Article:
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Reason, faith and ignorance

Reason, faith and ignorance

Author: Prafull Goradia
Publication: The Pioneer
Date: February 4, 2009
URL: http://www.dailypioneer.com/154209/Reason-faith-and-ignorance.html

Pluralism and freedom help individuals acquire knowledge and embrace that which is logical. Theocratic Islam denies both pluralism and freedom of choice

Apropos Mr Irfan Husain's article "Imran Khan vs Darwin", published by The Pioneer on January 21, 2009, Darwin's theory of evolution, the views expressed by Mr Imran Khan, and the comments by Mr Husain can be looked at from a third, more accurate angle. The article focusses on the lack of scientific temper in Muslim societies. In the course of his argument, Mr Husain admits that "many evangelical Christians reject Darwinian theory as well, and push creationism as the explanation for the development of life on the Earth".

At the same time "China, Japan and Korea have made tremendous progress by accepting reason as the basis of their education and public discourse." Yet Mr Imran Khan appears to have asserted that the East sticks to religion and implicitly rejects Darwin. While Mr Khan has confused Islam with all Eastern religions, Mr Husain first finds Muslims wrong in damning Darwin and his praising the West and later catches evangelical Christians with backward thinking.

Christianity, Islam, Marxism as well as Judaism have a common descent whereas Hindu view and Buddhism are based on entirely different assumptions. The former are based on 'Deductive Logic', which begins by unquestioningly accepting a premise and then concluding in sequence what flows from its contention. All corollaries would be consistent and without deviation from the premise. The Old Testament contains the 'Ten Commandments', a central premise of which is "you shall have no other gods before me". Islam continually asserts with every prayer that there is no god but allah. Marxism condemned religion as an opium of the masses; the existence of god is denied. These are fundamental premises.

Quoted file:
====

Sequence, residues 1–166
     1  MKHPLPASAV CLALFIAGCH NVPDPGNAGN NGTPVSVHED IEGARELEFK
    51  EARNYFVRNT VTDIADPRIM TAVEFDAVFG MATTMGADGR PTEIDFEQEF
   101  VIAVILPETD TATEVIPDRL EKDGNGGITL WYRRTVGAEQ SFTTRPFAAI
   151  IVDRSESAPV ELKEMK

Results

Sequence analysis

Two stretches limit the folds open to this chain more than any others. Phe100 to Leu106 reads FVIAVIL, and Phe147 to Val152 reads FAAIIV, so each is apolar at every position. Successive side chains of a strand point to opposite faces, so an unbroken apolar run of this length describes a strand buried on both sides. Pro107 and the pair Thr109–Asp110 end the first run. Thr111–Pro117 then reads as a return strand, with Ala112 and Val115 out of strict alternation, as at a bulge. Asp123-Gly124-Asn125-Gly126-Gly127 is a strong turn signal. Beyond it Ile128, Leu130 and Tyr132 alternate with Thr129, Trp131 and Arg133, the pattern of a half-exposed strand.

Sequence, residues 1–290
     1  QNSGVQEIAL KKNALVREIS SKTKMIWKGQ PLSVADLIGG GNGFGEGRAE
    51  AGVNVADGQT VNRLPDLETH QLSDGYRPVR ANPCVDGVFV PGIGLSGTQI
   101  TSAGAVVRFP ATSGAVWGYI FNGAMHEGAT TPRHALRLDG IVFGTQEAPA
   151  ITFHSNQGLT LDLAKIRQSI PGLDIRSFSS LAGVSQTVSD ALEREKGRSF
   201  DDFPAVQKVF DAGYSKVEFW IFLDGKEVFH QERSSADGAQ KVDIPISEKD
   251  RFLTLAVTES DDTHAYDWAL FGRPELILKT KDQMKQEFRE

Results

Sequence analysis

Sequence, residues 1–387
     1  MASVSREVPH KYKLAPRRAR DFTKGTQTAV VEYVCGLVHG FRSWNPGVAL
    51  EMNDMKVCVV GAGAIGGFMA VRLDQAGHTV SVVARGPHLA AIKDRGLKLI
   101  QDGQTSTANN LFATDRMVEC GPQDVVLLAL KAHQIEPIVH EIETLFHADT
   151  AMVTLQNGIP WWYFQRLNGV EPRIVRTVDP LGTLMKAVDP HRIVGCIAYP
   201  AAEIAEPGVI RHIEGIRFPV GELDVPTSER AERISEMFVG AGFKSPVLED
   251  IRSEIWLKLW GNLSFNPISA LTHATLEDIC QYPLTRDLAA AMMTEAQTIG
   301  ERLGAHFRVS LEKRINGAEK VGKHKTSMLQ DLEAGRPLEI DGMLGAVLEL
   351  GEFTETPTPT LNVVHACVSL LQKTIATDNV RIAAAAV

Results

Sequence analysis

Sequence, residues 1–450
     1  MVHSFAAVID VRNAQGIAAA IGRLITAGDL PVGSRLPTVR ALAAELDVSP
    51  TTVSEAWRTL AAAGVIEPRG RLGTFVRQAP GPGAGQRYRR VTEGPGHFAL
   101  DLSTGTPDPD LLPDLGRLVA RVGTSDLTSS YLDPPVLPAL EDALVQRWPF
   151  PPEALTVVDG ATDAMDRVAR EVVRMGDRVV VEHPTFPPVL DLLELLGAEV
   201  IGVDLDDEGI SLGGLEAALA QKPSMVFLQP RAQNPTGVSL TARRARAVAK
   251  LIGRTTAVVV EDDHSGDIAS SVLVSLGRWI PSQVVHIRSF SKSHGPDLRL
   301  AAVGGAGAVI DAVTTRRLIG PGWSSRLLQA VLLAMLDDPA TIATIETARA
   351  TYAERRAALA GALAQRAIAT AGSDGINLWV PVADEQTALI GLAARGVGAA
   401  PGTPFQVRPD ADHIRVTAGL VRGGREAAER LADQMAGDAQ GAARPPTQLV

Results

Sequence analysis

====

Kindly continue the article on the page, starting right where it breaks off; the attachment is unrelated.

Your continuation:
The assertion that there is god but only 'one' or there is 'none' (Marxism) are magical assertions and deductive corollaries flowing there to make life straight and simple for the billions of followers. Anyone who does not follow the 'magic' is either a gentile or an infidel or a kafir or bourgeois; all deserving conversion or warranting elimination, or at best suppression. These disciplines demand acceptance and disapprove of all questioning, so typical of deductive reasoning.

Hindu and Buddhist approach is based on 'Inductive Logic', the other face of formal logic, a contrast to 'Deductive reasoning'.

Before we illustrate the difference, an explanation is necessary as to how most of Christianity escaped the confines of 'one god', 'no god' dicta. Although it took birth in Jerusalem, the Christian ethos blossomed in Europe. During its first three centuries it was the faith espoused by the plebeian or the underdog. For burying the dead, early Christians had to surreptitiously go to the catacombs of Rome. The patricians or the ruling classes in civilised Europe of the time were pagan. Christianity suffered this adverse equation until the fourth century when emperor Constantine himself became a Christian.

In other words, religion and state were separate. In contrast, Islam was given birth by Prophet Mohammed who was himself a ruler and certainly no plebeian. He wove religion and state together as one fabric. The Quran and the Sunnah are the all-embracing fountains of rule whether spiritual or temporal. Inroads, such as made by Darwin's research which contradicted the canonical theory of creation, could not be allowed by an Islamic state. On the other hand, a Christian state would be comparatively lenient.

The reason is that European civilisation began with Greece and it continually carries with it a hallow of Hellenism. The essence of its spirit was best described by philosopher Protagorus: "Man is the measure of all things, of things… However orthodox Christians might be, few of them can easily escape this liberal, rational influence so friendly to science."

Coming to 'Inductive Logic', four Hindus from different corners of India once happened to meet and exchange views on the various colours of rose. They all expressed surprise and disagreed that roses could have so many colours. Yet they agreed to disagree; their ethos was 'inductive'.

The 'inductive' approach has many pluses in its favour - intellectual growth, cultural variety, spiritual scope, scientific development et al. But it also has its disadvantages. Christianity has, over the centuries, scattered into scores of denominations and has long ceased to support any socio-political ideology.

The price of 'deductive' insistence is backwardness such as Mr Husain has described of Muslims. The backwardness of Marxism was largely economic and cultural; it could not keep pace with time and expired within eight decades of the Russian revolution.

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